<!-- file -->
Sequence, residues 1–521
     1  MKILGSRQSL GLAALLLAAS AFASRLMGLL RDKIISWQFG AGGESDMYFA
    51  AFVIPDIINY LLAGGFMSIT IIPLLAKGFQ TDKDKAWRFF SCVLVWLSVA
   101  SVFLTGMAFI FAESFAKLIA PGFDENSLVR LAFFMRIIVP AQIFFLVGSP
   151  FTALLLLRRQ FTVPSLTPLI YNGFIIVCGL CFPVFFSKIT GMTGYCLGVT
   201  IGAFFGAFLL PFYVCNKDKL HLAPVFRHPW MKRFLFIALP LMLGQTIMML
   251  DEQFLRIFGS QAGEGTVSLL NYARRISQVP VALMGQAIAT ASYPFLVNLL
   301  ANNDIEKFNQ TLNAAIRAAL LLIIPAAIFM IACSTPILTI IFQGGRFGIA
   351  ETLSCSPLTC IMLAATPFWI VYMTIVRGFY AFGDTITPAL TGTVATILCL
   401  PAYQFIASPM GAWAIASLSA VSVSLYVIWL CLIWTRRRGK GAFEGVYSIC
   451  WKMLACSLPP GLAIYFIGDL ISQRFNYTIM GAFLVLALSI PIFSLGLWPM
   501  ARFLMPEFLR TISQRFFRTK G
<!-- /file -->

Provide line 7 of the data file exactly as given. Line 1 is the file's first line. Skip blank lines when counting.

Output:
   251  DEQFLRIFGS QAGEGTVSLL NYARRISQVP VALMGQAIAT ASYPFLVNLL